For example, Cloud Controller provides another “Live Tool” with which to Ping an individual Client. Other near-real-time data that can be displayed for Clients include channel, signal strength (last and range), ping loss and latency, and triangulated location, plotted on a floor plan (below).
In our experience, the accuracy of Cloud Controller’s estimated locations varied from decent for recently-stationary Clients to poor for highly-mobile Clients. (We note this intriguing feature is still labeled beta.) Meraki also collaborates with partners such as Ekahau to enable non-Wi-Fi asset tag tracking. In addition, Meraki offers a free Java WiFi Mapper tool which can be run on any Wi-Fi client with a browser, letting someone walk an office while measuring signal strength to generate heat maps. While this is not a WLAN planner, it can be handy to validate coverage from a particular client’s perspective.
Finally, Cloud Controller offers Rogue AP detection, using opportunistic, daily or on-demand channel scans to spot non-Meraki APs and their SSIDs, channels, and MAC addresses (including Ethernet where connected to the same LAN). This cannot be used to plot a rogue’s location or observe client connections, but we used it to supplement Cloud Controller’s auto-channel assignment. Specifically, the Radio Settings panel includes a Channel Planning Report, which details current assignments (spread to minimize interference), along with a count of Rogue APs during the past 24 hours. This can be helpful to understand a rogue’s impact on a network.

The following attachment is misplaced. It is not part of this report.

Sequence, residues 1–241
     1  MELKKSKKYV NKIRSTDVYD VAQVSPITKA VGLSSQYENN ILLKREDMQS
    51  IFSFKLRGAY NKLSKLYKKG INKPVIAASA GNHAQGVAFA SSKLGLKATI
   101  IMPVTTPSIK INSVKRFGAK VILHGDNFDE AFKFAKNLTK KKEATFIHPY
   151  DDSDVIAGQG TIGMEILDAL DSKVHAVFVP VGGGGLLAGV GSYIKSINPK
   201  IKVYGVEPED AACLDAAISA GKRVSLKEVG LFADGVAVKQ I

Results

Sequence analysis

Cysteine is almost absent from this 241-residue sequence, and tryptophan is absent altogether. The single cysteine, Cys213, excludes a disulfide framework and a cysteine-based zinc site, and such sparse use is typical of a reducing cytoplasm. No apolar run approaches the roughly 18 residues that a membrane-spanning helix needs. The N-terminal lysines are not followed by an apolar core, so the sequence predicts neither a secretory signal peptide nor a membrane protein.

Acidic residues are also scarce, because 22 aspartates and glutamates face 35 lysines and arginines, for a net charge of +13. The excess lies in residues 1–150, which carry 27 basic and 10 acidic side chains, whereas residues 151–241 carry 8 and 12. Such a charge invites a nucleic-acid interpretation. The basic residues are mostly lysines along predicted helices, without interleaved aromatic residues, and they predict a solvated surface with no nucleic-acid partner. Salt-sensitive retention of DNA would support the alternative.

The bottom line
Enterprise Cloud Controller adjusts channels and transmit power to avoid interference, but does not appear to be otherwise intimately involved in real-time AP control. According to Meraki, not only does the Controller stay out of the data path, but most control functions survive loss of Controller connectivity, including firewall and traffic shaping, 802.1X authentication, AP roaming, and teleworker VPN tunneling (not tested). Of course, management functions such as configuration, diagnostics, and stat collection are unavailable when the Controller is unreachable.
Meraki SLAs promise 99.9% uptime for the hosted service itself. Throughout our review, Meraki technical support was exceptionally responsive; often fixing a reported bug within days and installing new firmware without action from us. This transparency will appeal to many customers, but some enterprises require tighter change control and auditing. To that end, Meraki recently added configuration change audit logs and alerts, along with read-only accounts, stronger password policies, and SMS one time passcode authentication for admins. All of these tweaks are intended to woo IT trust, essential for any hosted management service.
During the course of our test drive, Meraki’s Enterprise Cloud Controller was not always perfect, and it did not always let us tune RF parameters. But our densely-deployed APs delivered sound connectivity, managed from a responsive dashboard that made reconfiguration easy and usage readily visible. We think this kind of low-cost fuss-free cloud-managed approach will appeal to many businesses. However, policy flexibility and scalability, along with the usual IT outsourcing concerns, could be barriers for some larger enterprises.
Lisa Phifer owns Core Competence, a consulting firm focused on business use of emerging network and security technologies. An avid fan of wireless mobility and regular contributor to Wi-Fi Planet, Lisa has reviewed, deployed, and tested 802.11 enterprise, SMB and consumer electronic devices, software and services for over a decade.